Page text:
Colin Cowherd called Clemson a fraud. Dabo Swinney obviously didn’t take too kindly to that and addressed the slight in his post game conference. He went as far to call Cowherd a fraud 🔥🔥🔥 !
Swinney calling out Cowherd wasn’t something that could be ignored and hence, Cowherd addressed it on his show.
Here is the transcription of the main part:
“You know people this morning are like, what do you think of that? One of the things I’ve realized you do not punish me if I’m wrong. You punish me as an audience if I choose topics you are not interested in. You have never punished me for being wrong. My Blazing Five is one of the highest rated things I ever do. And I get 57% right. When you punish me, politicians could learn a thing or two. Politicians lose when they talk about topics nobody cares about. Trump talked about the economy. That’s what most of us care about. Not bathroom issues. In the end, you have never punished me for being wrong. You punish me when I am uninteresting and when I choose topics that you don’t give a rip about. So I will continue to have SUPER STRONG opinions on college football, the NBA, the NFL.”
As much as I’d love to pile on Cowherd for being wrong regarding Clemson, I have to say his answer was refreshing. Cowherd and the rest of the pundits spanning sports, politics, and so on, live and die by this point of view.
At some point, they saw their ticket up the ladder in media was to feign certainty and confidence in whatever they are talking about. Fake conviction. Hide any doubt or ambiguity. Sell whatever way you are leaning as if it’s the most sure thing you know and hope for the best because nobody cares if you’re wrong. The eyeballs will come if you’re any good at making a splash regardless if you’re right or wrong. In the rare instance you take some blowback like in this instance, it’s just more PR for you and the show and even bad PR is good PR.
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And what sucks is that he’s totally right. “I wonder WHAT he’ll say next?” is a viable content strategy because people tune in for that. For some, like Cowherd, it’s not always that outrageous. In other instances, it’s pretty much all outrageous crap.
The idea of substantive and nuanced discussion with subject matter experts certainly exists, but doesn’t work as well as selling certainty and hot takes to a droll mainstream audience clamoring for more buffoonery.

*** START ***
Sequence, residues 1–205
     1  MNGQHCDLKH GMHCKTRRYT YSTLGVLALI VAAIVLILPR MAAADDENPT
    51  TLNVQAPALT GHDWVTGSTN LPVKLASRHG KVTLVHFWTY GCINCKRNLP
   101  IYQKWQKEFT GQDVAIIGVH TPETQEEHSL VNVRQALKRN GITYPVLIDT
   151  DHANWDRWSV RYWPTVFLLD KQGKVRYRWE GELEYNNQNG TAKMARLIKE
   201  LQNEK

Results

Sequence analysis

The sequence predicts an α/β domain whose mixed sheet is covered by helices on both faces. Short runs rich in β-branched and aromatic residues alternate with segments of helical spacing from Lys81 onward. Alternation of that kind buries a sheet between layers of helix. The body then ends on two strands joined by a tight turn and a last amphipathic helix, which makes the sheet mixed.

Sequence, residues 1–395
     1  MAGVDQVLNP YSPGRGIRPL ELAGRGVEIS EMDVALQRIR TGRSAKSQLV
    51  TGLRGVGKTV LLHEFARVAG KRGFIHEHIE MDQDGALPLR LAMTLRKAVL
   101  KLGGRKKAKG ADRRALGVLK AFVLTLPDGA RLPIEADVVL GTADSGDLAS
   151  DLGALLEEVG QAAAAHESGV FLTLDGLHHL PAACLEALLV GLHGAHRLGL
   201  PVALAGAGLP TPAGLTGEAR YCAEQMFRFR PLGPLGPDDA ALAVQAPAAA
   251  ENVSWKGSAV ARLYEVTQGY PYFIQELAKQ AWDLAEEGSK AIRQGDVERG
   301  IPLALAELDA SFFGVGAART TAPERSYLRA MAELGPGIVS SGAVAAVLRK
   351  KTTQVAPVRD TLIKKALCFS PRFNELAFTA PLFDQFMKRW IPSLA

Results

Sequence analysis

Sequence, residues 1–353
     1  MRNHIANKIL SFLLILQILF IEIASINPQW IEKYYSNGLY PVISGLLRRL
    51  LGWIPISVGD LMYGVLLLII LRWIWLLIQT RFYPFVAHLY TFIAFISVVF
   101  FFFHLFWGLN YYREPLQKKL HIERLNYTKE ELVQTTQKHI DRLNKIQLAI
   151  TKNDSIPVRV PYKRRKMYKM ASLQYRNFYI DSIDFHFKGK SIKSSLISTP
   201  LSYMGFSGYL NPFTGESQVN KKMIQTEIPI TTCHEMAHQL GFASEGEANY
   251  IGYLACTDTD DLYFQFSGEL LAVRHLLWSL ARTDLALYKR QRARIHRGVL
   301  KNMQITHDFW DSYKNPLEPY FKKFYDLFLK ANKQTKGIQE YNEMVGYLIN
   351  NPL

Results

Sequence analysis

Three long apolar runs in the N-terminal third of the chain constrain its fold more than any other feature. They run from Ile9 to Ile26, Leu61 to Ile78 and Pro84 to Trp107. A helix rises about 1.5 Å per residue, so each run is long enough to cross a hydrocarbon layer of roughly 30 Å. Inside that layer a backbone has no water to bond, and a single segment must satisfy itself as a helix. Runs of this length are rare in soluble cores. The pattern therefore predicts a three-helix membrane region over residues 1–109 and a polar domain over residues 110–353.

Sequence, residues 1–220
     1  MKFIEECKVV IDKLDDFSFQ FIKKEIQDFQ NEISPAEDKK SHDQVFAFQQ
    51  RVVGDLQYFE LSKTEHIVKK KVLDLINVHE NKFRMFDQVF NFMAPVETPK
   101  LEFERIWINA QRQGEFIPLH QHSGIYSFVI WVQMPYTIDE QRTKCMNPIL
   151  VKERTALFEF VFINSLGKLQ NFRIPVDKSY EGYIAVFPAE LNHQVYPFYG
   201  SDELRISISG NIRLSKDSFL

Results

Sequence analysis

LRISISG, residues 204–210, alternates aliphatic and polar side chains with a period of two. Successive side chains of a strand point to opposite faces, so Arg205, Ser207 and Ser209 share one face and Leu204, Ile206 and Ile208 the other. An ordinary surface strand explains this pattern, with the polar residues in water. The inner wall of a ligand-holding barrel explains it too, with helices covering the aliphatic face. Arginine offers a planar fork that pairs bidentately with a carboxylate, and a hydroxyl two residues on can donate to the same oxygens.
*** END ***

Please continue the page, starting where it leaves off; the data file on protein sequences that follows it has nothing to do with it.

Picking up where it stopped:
Clemson being a fraud (or any team getting that label) is what the audience wants to hear. People tweet it, post it on message boards, and talk about it in their social circles and on talk radio. It reverberates. Agree or disagree, it’s something to talk about, and regardless if he’s wrong, you’re going to keep coming back if you like this particular flavor of hot take.
The idea of him and others saying something like “Clemson has had an up and down and year and I think they’re going to have problems against Ohio State or Alabama. I don’t know, we’ll see… should be a good game”, does not payoff in the sports media world.
That’s not to say all confident opinions and hot takes are contrived and oversold, but in this day and age, what do you expect when we put personalities on the air for hours at a time covering a wide array of sports and topics? I could maybe give you a hot take a day that could turn some heads, but that would be maybe five minutes a day. To some degree, isn’t that what SVP’s One Big Thing is?
So when people ask “Who watches these shows,” “Why is this guy on TV,” or “Who takes this guy seriously,” Cowherd has truthfully answered those questions. A large amount of people do care about these opinions, but don’t care if they are proven to be wrong. Until people opt to tune out personalities and shows that make noise for the sake of making noise, this is what you get. And hey, at least Cowherd’s honest about it.
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